Spend the day it as you like it. You might want to visit some more heritage sites or wander around happening parts of the city like Thamel. We will have a farewell dinner planned for your last night in Nepal.
You will be headed home and recollections of your Himalayan expedition will keep you occupied on your long flight back.
In Kathmandu, you will stay in a three-star hotel while you will be staying at standard guesthouses during your travel. There will be electricity, internet, laundry and hot showers in all of the places you stay. You will have to share your room with a fellow traveller in our typical package. Single supplement will be served on request and will cost an additional USD 550.Also note that single rooms is easily available in Kathmandu and the trekking regions at lower elevation but it might be difficult to find them at higher elevations.
You have to book your own international flight from your country to Nepal and back according to your trip departure dates.
A chauffeur from Mountain Kick will come receive you at the airport and take you to your hotel. Representatives of the company will visit you at the hotel itself and brief you on your trip.
We arrange a group of like-minded international travellers and take them to the summit and back with the help of our guides, porters and local support staff. We will begin the trip with short and easy treks as preparation for the tougher climbs and gradually gain altitude. Travel will involve plenty of sightseeing and mixing with local culture.We will have acclimatization rest, especially before the final summit, when our guides will train you on valuable mountaineering skills.
You need to come well-prepared, both physically and mentally, before attempting to summit a Himalayan peak. You will have to trek for several days in harsh climate and rugged terrain before even reaching the base of the mountain. Climbing a mountain requires a specific set of skills and although our guides and trainers prep you up before the summit, it will be better if you come prepared beforehand. It is recommended that you take light endurance training before attempting to scale the Himalayas.
In Kathmandu, you will stay in a three-star hotel while you will be staying at standard guesthouses during your travel. There will be electricity, internet, laundry and hot showers in all of the places you stay. You will have to share your room with a fellow traveller in our typical package. At some destinations, especially in the Himalayas, you will have to stay in a tented camp. If you want to make separate living arrangements, talk to us beforehand and we can arrange single rooms for additional $250.Some guesthouses at very high altitudes and remote places may not have attached washrooms or single rooms.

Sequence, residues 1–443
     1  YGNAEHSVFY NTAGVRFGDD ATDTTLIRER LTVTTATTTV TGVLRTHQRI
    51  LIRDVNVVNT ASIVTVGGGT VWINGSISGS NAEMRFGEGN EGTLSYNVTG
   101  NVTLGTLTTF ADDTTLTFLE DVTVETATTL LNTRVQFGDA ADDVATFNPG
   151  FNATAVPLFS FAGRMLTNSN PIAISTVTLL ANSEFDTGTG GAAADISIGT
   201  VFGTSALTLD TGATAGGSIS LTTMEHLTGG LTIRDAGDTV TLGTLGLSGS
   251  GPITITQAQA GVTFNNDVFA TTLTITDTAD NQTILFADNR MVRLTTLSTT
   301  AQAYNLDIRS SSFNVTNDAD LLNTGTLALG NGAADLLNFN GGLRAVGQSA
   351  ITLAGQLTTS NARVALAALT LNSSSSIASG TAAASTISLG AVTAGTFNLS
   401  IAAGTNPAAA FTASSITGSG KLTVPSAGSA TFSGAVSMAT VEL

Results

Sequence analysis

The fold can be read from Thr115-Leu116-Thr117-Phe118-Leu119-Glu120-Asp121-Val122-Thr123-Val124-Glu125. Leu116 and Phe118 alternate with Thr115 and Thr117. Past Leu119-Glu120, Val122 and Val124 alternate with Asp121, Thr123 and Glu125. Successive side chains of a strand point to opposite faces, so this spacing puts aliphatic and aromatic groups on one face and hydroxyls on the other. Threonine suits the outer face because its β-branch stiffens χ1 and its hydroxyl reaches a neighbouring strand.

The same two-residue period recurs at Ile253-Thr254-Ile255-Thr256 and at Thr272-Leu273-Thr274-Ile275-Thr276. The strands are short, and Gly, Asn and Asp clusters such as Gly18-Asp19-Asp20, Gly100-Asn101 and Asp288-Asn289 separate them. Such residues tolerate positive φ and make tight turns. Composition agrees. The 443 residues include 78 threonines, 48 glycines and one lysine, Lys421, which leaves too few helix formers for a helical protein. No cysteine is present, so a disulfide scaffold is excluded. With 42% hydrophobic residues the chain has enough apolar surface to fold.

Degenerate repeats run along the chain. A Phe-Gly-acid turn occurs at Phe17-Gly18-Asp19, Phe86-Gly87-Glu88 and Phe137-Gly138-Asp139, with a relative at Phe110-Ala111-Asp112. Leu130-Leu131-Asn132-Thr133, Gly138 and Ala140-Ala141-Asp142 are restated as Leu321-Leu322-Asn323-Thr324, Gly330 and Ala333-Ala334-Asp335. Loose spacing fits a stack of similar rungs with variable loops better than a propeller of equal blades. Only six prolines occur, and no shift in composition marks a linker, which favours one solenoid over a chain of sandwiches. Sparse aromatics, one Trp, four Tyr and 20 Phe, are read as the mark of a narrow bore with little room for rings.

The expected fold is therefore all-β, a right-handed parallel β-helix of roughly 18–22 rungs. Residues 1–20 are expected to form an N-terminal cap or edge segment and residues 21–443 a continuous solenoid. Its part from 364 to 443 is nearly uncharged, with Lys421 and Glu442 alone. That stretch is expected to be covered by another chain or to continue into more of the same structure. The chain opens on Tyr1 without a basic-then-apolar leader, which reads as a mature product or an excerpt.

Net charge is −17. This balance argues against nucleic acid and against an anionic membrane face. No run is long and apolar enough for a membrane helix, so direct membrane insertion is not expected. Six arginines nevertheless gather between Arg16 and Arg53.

All your major meals (breakfast, lunch and dinner) are included in your climbing package except in Kathmandu (where only breakfast is provided for). You will be served local food at all places we dine but you can order anything you like on the menu which you will have to pay for yourself. You will have a range of options so there won’t be a problem if you are a vegetarian or vegan. We make sure you get healthy and hygienic food throughout your travel.
You will carry a light backpack which will contain some equipment and the things you might need (see here for suggestions).Your bag shall not weigh more than 20 pounds. On the day of the summit, you will also carry your climbing gears. Everything else will be carried by our porters. We have one porter assigned each for two travellers and you will have to pay separately if you want to hire extra porters.
Our porters will carry oxygen cylinders as anybody might need it on very high altitudes. They will also carry personal altitude chambers which helps people suffering from mountain sickness.The guides always carry a professional medical kit with them to treat with minor injuries. We also have health professionals at villages and camps along the journey. The travel insurance you take (which is compulsory) covers any and all emergency rescue and evacuation.
We are always happy to accommodate your wishes during the travel so far as they do not conflict with schedules and other travellers. If you have special plans, you can talk to us beforehand so that we can arrange a customised trip for you.